Buddhist Gods & Deities


The Buddha's teachings and Theravada Buddhism are essentially atheistic, although neither deny the existence of beings that might be called "gods." (See "Is Buddhism Atheistic?".)

In Mahayana Buddhism, however, the universe is populated with celestial buddhas and bodhisattvas who are worshipped as gods and goddesses. The historical Buddha is honored in this way, but most other Buddhist deities are adapted from the cultures Buddhism has encountered, from the Hindu pantheon in its home culture of India to the indigenous religions of Tibet, China and Thailand.

Among the most popular Buddhist deities are Kuan Yin, the Medicine Buddha, the Laughing Buddha and the Green and White Taras. These and other fascinating figures are explored in this section. The list below links to articles that provide information on the history, meaning, significance and iconography of each deity.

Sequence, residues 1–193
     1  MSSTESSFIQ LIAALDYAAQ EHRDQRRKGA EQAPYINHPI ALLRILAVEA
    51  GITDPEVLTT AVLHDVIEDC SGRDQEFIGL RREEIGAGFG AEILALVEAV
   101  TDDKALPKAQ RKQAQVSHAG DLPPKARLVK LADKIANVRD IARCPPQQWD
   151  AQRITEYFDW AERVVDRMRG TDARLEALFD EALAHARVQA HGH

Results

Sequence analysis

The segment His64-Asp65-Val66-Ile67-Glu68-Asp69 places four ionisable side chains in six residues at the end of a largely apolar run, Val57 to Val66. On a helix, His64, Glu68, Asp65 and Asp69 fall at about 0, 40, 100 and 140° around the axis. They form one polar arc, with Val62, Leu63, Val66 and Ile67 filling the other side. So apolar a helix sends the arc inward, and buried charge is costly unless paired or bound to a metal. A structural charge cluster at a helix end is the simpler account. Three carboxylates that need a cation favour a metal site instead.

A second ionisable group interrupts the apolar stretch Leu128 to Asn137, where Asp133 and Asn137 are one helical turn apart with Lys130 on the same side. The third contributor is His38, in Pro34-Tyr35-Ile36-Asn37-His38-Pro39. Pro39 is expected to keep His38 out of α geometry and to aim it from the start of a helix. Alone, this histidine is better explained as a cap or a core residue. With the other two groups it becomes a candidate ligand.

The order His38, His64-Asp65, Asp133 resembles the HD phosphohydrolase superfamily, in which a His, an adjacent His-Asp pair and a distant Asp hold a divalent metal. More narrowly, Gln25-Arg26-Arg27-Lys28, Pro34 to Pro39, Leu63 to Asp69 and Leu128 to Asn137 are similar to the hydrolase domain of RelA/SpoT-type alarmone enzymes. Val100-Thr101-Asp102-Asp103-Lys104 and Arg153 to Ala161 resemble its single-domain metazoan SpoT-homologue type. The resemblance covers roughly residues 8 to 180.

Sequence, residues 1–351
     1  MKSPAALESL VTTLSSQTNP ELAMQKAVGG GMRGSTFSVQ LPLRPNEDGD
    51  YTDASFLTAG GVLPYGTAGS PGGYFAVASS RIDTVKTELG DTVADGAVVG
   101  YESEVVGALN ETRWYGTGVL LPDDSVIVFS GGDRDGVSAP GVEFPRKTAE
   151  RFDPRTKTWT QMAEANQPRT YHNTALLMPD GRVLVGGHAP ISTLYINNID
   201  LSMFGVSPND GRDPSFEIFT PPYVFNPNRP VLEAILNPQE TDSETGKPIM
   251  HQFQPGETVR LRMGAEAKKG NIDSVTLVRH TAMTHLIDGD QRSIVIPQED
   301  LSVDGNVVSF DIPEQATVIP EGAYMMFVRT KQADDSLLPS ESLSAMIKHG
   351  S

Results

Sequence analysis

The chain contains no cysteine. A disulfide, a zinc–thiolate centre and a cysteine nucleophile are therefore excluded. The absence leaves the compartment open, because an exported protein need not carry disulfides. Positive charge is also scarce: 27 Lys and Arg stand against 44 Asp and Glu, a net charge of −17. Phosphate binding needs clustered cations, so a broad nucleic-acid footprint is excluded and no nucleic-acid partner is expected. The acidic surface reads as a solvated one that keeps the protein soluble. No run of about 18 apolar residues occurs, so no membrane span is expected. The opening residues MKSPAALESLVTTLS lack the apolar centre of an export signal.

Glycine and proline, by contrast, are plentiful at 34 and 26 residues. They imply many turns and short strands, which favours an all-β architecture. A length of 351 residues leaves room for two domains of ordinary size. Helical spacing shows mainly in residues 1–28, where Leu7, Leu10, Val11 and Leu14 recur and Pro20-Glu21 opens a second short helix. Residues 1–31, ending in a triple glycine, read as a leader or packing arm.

Buddhas Gautama Buddha (Shakyamuni) Laughing Buddha/Future Buddha (Maitreya) Medicine Buddha/Healing Buddha Five Dhyani Buddhas Dipamkara (Kasyapa) Buddha

Bodhisattvas Five Bodhisattvas of Compassion Tara Kuan Yin

Arhats 16 Sravakas (Tibetan) 18 Lohans (Chinese)

Tibetan Wrathful Deities Yama Mahakala Yamantaka Kubera Hayagriva Palden Lhamo Tshangs pa Begtse Nagas Lha-mo

Chinese Buddhist Deities Kuan-Yin Jade Maiden Golden Youth Kuan-Ti (Sangharama) Wei-To (Skanda) Four Guardian Kings (Si-Ta-Tien-Wang)



In Mahayana Buddhism, bodhisattvas are those who are on the path to Enlightenment, but have not yet attained it and become buddhas. Any living person who has embarked on the Bodhisattva path can thus be considered a bodhisattva...



In both Theravada and Mahayana Buddhism, buddhas are those who have attained full enlightenment. Siddharta Guatama became "the Buddha" after his Enlightenment under the Bodhi Tree...

Amida Buddha

Buddha, Siddharta Guatama

Laughing Buddha

Medicine Buddha

Wrathful Deities

An enigmatic aspect of Tibetan Buddhism iconography is the presence of ferocious, terrifying forms known as the wrathful deities. Though these hideous, hair-raising images seem contradictory to Buddhist ideals, they are not personifications of evil or demonic forces...

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